Hedge funds run by legendary names like George Soros and David Tepper make billions of dollars a year for themselves and their super-rich accredited investors (you’ve got to have a minimum of $1 million liquid to invest in a hedge fund) by spending enormous resources on analyzing and uncovering data about small-cap stocks that the big brokerage houses don’t follow. Small caps are where they can generate significant outperformance. That’s why we pay special attention to hedge fund activity in these stocks.
Is Flex Ltd. (NASDAQ:FLEX) undervalued? Money managers are reducing their bets on the stock. The number of bullish hedge fund bets shrunk by 2 in recent months. Our calculations also showed that FLEX isn’t among the 30 most popular stocks among hedge funds. FLEX was in 24 hedge funds’ portfolios at the end of December. There were 26 hedge funds in our database with FLEX positions at the end of the previous quarter.
So, why do we pay attention to hedge fund sentiment before making any investment decisions? Our research has shown that hedge funds’ small-cap stock picks managed to beat the market by double digits annually between 1999 and 2016, but the margin of outperformance has been declining in recent years. Nevertheless, we were still able to identify in advance a select group of hedge fund holdings that outperformed the market by 32 percentage points since May 2014 through March 12, 2019 (see the details here). We were also able to identify in advance a select group of hedge fund holdings that underperformed the market by 10 percentage points annually between 2006 and 2017. Interestingly the margin of underperformance of these stocks has been increasing in recent years. Investors who are long the market and short these stocks would have returned more than 27% annually between 2015 and 2017. We have been tracking and sharing the list of these stocks since February 2017 in our quarterly newsletter. Even if you aren’t comfortable with shorting stocks, you should at least avoid initiating long positions in our short portfolio.
Let’s take a gander at the recent hedge fund action encompassing Flex Ltd. (NASDAQ:FLEX).
How are hedge funds trading Flex Ltd. (NASDAQ:FLEX)?
At Q4’s end, a total of 24 of the hedge funds tracked by Insider Monkey held long positions in this stock, a change of -8% from the second quarter of 2018. Below, you can check out the change in hedge fund sentiment towards FLEX over the last 14 quarters. So, let’s review which hedge funds were among the top holders of the stock and which hedge funds were making big moves.
According to Insider Monkey’s hedge fund database, Ken Griffin’s Citadel Investment Group has the biggest position in Flex Ltd. (NASDAQ:FLEX), worth close to $143.6 million, accounting for 0.1% of its total 13F portfolio. On Citadel Investment Group’s heels is Glenview Capital, led by Larry Robbins, holding a $119.2 million position; 1.2% of its 13F portfolio is allocated to the company. Remaining hedge funds and institutional investors that hold long positions comprise D. E. Shaw’s D E Shaw, Richard S. Pzena’s Pzena Investment Management and Anand Parekh’s Alyeska Investment Group.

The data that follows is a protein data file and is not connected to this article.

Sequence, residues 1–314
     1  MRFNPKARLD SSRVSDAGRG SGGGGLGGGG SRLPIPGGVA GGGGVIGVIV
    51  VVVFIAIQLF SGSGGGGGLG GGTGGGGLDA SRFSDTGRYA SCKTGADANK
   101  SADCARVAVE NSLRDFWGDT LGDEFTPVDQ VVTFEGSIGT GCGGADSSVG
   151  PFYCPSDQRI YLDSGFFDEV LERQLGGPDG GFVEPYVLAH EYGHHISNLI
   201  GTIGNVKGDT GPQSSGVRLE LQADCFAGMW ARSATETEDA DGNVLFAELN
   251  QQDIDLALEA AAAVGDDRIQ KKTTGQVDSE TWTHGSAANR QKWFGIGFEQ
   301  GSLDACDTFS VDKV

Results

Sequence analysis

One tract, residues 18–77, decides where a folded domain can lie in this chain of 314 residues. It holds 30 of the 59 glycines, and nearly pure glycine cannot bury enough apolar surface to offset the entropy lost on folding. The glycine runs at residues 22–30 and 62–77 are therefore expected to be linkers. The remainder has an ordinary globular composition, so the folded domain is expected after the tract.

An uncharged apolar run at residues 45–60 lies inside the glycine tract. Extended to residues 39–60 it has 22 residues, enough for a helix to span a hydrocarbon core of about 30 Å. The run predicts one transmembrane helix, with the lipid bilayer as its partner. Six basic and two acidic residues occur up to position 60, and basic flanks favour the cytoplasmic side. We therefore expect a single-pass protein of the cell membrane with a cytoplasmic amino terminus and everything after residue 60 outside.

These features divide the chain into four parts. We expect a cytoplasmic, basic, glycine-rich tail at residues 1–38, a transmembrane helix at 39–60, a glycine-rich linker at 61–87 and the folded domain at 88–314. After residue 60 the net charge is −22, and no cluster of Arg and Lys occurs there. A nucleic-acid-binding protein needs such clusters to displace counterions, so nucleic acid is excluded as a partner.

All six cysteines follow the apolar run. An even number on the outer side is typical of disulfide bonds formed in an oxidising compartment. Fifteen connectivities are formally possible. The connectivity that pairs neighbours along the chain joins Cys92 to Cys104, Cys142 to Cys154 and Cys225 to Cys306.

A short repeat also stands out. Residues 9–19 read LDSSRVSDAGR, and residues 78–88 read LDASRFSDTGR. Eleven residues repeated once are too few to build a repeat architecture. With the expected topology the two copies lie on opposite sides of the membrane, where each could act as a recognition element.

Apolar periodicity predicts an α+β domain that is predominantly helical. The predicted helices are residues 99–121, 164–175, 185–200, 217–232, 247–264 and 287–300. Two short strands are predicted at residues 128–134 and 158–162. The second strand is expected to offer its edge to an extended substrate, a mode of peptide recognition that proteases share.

Judging by the fact that Flex Ltd. (NASDAQ:FLEX) has faced a decline in interest from the smart money, logic holds that there exists a select few hedgies that slashed their full holdings last quarter. At the top of the heap, Brian Ashford-Russell and Tim Woolley’s Polar Capital said goodbye to the biggest position of all the hedgies monitored by Insider Monkey, comprising an estimated $70.4 million in stock. Leon Shaulov’s fund, Maplelane Capital, also said goodbye to its stock, about $7.9 million worth. These moves are interesting, as total hedge fund interest dropped by 2 funds last quarter.
Let’s check out hedge fund activity in other stocks similar to Flex Ltd. (NASDAQ:FLEX). We will take a look at Choice Hotels International, Inc. (NYSE:CHH), Highwoods Properties Inc (NYSE:HIW), American Greetings Corporation (NYSE:AM), and Hawaiian Electric Industries, Inc. (NYSE:HE). This group of stocks’ market valuations resemble FLEX’s market valuation.
|Ticker||No of HFs with positions||Total Value of HF Positions (x1000)||Change in HF Position|
View table here if you experience formatting issues.
As you can see these stocks had an average of 14 hedge funds with bullish positions and the average amount invested in these stocks was $147 million. That figure was $676 million in FLEX’s case. Choice Hotels International, Inc. (NYSE:CHH) is the most popular stock in this table. On the other hand American Greetings Corporation (NYSE:AM) is the least popular one with only 7 bullish hedge fund positions. Compared to these stocks Flex Ltd. (NASDAQ:FLEX) is more popular among hedge funds. Our calculations showed that top 15 most popular stocks) among hedge funds returned 24.2% through April 22nd and outperformed the S&P 500 ETF (SPY) by more than 7 percentage points. Hedge funds were also right about betting on FLEX as the stock returned 45.9% and outperformed the market by an even larger margin. Hedge funds were clearly right about piling into this stock relative to other stocks with similar market capitalizations.
Disclosure: None. This article was originally published at Insider Monkey.